Had an e-bike with us in the front pack at a recent charity ride. Dude was in his 60s and partially disabled, the e-bike allowed him to still get out and ride and hang with a pretty fast group. I was still able to drop him, but overall he did really well. I loved that it allowed him to still enjoy cycling and stay active.
Presumably he would have had less fun under his own power and riding with the 'not pretty fast group'?
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Old 10-07-19, 05:33 PM
  #34  
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Originally Posted by jlaw View Post
Two friends of mine rode with me on a 50 miler (3000' climbing) last year. They both rode a 2018? Trek Verve with the Bosch Motor that has a regular-size chainring, not the motor with the 20T ring and 2.5 reduction gear. They rode in 'eco' mode and put in a fair amount of effort - but it was still easier for them than an 'analog' bike - especially hills. Their 400ah batteries each had about 50% life remaining at the end.

I would not rely on an ebike with one battery (even if its 500ah) to cover a hilly 100 mile ride. An ebike with a standard-size chainring and a rear cassette/RD can be pedaled normally if the battery dies - but you are pushing a 45 to 55# bike with your own leg power. Or, you can bring a second battery if you've got the $800+ to buy it.
If I ever take the plunge I would want a drop bar style road bike. I have a friend who has an e-bike that looks like a cruiser and he carries 3 batteries. On a 60 mile hilly ride he was well into his second battery late in the ride. His set-up weighs around 65 pounds and he is around 215.
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Old 10-07-19, 07:55 PM
  #35  
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No problem with e-bikes, as long as they don't call them bicycles.
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Old 10-07-19, 11:01 PM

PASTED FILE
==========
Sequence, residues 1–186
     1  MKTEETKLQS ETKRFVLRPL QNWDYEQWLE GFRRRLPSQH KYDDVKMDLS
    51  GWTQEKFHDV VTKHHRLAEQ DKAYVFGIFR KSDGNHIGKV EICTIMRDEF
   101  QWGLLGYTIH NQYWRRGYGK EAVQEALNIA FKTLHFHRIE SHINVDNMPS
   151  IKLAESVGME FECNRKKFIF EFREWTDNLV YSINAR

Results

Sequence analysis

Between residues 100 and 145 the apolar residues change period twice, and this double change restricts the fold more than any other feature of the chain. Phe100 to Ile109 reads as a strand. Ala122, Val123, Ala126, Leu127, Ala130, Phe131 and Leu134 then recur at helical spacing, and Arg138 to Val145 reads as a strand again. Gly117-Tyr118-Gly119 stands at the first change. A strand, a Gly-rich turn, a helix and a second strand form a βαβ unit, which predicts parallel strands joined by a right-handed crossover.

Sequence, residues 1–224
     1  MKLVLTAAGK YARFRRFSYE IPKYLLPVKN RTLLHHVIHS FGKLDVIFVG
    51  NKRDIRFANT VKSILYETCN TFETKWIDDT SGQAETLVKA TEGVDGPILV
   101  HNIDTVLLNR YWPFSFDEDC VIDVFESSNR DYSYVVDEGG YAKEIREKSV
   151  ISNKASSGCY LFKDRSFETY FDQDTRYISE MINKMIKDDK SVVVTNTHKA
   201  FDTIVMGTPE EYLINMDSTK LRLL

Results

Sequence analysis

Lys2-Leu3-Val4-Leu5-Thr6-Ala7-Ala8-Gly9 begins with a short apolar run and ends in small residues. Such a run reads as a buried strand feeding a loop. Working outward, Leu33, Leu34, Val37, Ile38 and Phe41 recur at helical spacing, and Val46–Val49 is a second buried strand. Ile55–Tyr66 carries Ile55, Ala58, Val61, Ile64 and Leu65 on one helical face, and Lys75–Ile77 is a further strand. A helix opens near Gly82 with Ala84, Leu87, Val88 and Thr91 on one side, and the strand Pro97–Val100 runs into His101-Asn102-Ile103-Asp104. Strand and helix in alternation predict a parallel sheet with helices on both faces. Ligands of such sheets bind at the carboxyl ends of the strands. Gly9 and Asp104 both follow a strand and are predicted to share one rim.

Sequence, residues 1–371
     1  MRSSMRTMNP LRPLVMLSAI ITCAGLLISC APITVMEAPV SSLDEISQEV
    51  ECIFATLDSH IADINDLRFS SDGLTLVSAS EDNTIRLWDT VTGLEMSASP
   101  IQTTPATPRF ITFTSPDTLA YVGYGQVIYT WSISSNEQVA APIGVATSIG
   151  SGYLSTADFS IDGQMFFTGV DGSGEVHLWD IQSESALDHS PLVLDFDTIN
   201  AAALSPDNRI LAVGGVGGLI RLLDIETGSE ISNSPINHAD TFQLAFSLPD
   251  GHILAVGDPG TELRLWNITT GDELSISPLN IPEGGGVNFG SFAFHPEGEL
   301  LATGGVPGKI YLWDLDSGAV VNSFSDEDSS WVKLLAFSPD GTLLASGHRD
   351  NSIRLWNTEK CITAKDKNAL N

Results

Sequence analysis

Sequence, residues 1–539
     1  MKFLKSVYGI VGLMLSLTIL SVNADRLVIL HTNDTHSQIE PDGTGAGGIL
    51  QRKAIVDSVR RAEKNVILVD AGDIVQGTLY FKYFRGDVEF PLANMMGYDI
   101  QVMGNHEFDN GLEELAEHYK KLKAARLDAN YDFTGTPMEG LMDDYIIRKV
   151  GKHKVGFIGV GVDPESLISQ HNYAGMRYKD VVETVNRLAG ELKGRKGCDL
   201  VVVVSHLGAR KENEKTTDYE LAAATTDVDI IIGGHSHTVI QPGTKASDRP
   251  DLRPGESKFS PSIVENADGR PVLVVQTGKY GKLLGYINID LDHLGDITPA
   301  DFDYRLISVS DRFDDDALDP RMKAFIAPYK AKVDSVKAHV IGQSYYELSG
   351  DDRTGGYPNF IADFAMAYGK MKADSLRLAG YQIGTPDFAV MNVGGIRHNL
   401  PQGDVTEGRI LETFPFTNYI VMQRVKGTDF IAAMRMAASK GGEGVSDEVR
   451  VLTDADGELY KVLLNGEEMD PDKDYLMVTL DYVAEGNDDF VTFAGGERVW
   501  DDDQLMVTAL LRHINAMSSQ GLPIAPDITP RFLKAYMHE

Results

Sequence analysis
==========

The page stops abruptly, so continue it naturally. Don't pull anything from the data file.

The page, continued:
#36  
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Originally Posted by big john View Post
What kind of charity ride was this? Century? Do e-bikes have the range to complete a hilly century with a large rider without a trailer full of batteries?
Asking for a friend.
Definitely not.

Source: I know several hikers who would love to replace their car with an ebike, but can't get one that will take them 50 miles to the trail and then back home.

Best range I've seen is about 80 miles, and expensive. You're talking about a large rider on top of it.
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Old 10-07-19, 11:06 PM
  #37  
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Originally Posted by Reynolds View Post
No problem with e-bikes, as long as they don't call them bicycles.
People get really upset if you call them motor vehicles. That's exactly what they are, wheeled vehicles powered by a motor.
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Old 10-08-19, 01:33 AM
  #38  
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When I bought my new comfort bike last year I considered buying an E-bike. Then I asked myself why?

One of the primary reasons I buy a bicycle is to increase my outdoor activity level. And since I have the time, With the proper gear (11 of my 21 are properly spaced) I can climb pretty much any hill, or fight strong wind with just moderate effort.

If I used it to comute 10 miles each way regularly I might have considered one.

Last edited by xroadcharlie; 10-08-19 at 06:31 AM.
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Old 10-08-19, 03:07 AM
  #39  
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My wife rides an ebike and has for years. Hers is a pretty low tech version rear wheel drive that doesn’t go 20mph. It does allow her to ride with me when she feels well enough. She always pedals with the electric assist and has never passed me. We average about 12.5 mph over 20 miles or so. It is a blessing given her medical challenges. It is hard for her as we grew up cycling together and now occasionally she can join me. I know some abuse the bike paths whether with an ebike or not , that is the person , not the bike. I have had more issues with large groups of racers than I have with ebikes Joe. Joesvintageroadbikes.wordpress
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Old 10-08-19, 05:39 AM
  #40  
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I was riding with one the other day for the first time (as far as I know) on a group ride for over an hour before I realized it was an e-bike. It was an Orbea Gain and the only tipoff is a fat rear hub. There were only three of us in the fast group. We had to wait for him at the top of a steep (10 to 13%) hill and I couldn't figure out if he had his motor turned off to keep things "fair," or if his battery had died or if the amount of boost is limited. It's was kind of weird and awkward, a bit like pretending there isn't an elephant in the room, but just a small elephant. When he said something about how tough that last hill was I thought of saying "Why didn't you just turn up the boost?" but decided not to.

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Old 10-08-19, 06:26 AM
  #41  
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Originally Posted by FlashBazbo View Post